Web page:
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Buying a Business or Franchise

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How Should I Go About Buying A Business?

This should be a step-by-step sequential process. Here are the steps:

FIRST: You need to decide if you will be buying a business to provide yourself with a full-time job or if you are making the purchase as a part-time investment.

SECOND: You will need to thoroughly investigate the industry you are considering to conclude if this is really a business in which you can make a commitment.

THIRD: Attend industry meetings, talk to existing business owners, spend time at typical businesses and visit competitive locations to determine if your conclusions are shared by those who are already in the industry.

FOURTH: You need to decide whether you want to start a new business, buy a new business or buy an existing business.

AND FINALLY: Appraise your own experience, skills and background and decide if this business is a good fit for you.

  • Are the economics of the business sound?
  • Is there a reasonable predictability of future growth in earnings?
  • Is there a sound financial foundation?
  • Buying a business with these good characteristics but bad management can be an especially good opportunity.
  • Don't overlook service businesses and e-commerce businesses.
  • Review Session One: "How To Pick a Business"

Where do I find out about business opportunities for sale?

There are many sources for learning about business opportunities. The most popular are:

  • Business opportunity brokers
  • Classified newspaper ads
  • Companies that supply or set up new locations
  • Business opportunity trade shows
  • A franchiser for any particular type of business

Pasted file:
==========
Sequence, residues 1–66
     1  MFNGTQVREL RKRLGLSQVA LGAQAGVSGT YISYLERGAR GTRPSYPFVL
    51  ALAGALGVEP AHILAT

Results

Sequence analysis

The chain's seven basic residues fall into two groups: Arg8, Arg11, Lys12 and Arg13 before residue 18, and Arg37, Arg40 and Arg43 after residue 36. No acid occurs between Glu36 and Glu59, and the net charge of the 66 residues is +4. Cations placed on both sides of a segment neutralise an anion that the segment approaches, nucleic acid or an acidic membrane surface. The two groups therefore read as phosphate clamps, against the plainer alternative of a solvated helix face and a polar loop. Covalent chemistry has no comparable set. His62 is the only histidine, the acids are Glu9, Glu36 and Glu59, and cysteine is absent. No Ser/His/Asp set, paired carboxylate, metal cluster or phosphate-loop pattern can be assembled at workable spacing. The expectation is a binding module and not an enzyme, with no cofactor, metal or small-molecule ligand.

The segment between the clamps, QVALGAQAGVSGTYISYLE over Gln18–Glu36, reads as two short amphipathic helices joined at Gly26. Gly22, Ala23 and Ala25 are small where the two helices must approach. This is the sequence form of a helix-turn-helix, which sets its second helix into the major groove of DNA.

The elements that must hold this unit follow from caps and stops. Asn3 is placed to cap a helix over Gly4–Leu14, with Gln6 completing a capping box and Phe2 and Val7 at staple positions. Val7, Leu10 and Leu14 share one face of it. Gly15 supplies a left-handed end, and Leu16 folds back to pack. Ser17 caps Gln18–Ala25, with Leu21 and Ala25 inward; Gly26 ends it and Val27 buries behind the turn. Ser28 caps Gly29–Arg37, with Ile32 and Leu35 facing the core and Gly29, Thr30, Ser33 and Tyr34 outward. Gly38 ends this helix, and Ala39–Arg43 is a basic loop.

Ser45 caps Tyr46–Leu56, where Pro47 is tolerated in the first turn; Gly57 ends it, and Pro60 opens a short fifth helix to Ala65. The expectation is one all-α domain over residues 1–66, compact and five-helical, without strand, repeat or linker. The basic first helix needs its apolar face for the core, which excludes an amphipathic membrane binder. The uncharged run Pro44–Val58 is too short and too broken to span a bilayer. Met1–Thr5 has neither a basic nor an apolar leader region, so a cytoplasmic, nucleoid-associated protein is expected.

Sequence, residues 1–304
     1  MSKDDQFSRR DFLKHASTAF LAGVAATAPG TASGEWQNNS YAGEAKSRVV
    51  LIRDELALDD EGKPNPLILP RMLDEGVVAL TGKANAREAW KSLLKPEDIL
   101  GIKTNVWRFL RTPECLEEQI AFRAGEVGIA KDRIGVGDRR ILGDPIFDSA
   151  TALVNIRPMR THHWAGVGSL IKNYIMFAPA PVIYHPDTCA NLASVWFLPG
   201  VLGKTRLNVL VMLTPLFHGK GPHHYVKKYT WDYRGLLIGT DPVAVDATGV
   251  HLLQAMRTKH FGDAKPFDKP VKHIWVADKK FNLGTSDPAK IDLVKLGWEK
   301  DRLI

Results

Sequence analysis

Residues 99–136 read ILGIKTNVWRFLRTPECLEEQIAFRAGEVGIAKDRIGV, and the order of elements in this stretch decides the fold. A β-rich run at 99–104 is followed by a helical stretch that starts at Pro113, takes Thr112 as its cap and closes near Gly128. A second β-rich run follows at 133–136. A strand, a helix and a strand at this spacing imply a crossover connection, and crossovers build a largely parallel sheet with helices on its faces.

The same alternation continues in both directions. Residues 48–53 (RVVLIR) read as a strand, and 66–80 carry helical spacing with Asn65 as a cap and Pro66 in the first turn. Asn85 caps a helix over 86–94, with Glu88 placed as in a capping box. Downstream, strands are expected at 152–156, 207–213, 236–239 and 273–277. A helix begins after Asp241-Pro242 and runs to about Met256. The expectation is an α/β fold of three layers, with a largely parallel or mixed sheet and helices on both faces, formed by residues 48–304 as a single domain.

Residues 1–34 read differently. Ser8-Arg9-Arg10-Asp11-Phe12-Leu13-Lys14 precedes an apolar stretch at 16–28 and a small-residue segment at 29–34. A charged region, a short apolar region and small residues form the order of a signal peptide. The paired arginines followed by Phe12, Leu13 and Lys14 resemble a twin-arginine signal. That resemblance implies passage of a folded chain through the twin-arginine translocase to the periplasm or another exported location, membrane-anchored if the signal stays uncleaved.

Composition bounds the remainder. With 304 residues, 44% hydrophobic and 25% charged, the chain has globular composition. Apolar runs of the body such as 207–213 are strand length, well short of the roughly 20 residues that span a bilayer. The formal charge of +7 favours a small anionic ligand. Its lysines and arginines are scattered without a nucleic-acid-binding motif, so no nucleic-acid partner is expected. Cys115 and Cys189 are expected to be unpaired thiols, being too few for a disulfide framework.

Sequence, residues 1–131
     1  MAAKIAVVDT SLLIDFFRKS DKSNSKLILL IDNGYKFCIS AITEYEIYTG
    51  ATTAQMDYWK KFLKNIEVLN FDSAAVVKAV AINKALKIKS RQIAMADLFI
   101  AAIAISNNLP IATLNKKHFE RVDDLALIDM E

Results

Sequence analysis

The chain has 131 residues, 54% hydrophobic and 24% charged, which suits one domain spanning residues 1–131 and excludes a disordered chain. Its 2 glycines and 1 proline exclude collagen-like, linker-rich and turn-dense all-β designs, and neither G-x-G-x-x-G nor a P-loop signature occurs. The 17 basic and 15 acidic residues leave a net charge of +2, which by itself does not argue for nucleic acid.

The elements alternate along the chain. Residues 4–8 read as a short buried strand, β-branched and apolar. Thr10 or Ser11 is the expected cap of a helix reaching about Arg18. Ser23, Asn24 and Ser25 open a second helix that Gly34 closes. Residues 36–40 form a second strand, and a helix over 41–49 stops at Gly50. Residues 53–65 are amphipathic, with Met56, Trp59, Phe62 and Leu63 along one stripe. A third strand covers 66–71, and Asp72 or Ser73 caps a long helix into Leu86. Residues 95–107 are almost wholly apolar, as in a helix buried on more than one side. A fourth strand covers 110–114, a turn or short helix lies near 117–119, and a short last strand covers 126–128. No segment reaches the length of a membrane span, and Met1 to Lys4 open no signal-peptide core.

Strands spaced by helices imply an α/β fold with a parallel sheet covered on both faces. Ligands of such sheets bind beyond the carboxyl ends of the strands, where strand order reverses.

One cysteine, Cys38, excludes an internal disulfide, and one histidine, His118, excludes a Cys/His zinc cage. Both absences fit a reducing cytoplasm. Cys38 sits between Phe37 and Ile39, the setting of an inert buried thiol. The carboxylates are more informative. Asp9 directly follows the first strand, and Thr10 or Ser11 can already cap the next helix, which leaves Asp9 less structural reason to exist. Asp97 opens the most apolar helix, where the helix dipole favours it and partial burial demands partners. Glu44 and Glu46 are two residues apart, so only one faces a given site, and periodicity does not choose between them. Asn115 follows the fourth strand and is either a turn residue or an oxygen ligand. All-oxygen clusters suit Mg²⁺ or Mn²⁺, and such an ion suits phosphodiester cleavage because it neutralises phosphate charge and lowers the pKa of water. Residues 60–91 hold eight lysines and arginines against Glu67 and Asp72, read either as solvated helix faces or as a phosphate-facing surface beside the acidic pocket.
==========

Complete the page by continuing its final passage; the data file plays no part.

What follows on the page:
How do I determine my financial ability to buy a business:

Most people will not pay cash for a business, so some sort of financing will be involved. The equity position that will be required (the amount of cash necessary to put down) will determine the type and size of business you will be able to buy.

Depending on the business you select, you will need sufficient operating capital in addition to the down payment.

The source of the equity funds should be cash or liquid assets and not borrowed money.

Who can I ask for help in evaluating a business?

Remember that this is your decision and only you can decide whether a business is for you. Don't let any expert decide whether or not you should buy a business. Instead, ask them for specific advice on the various components of the business. Here are two examples why your attorney will be an important expert:

  1. Have your lawyer review the lease.
  2. Your lawyer should advise you as to whether you should purchase the stock or the assets of the business. If there are unpaid (and possibly unknown) liabilities including amounts owed to government agencies, you may be advised to purchase the assets rather than the stock.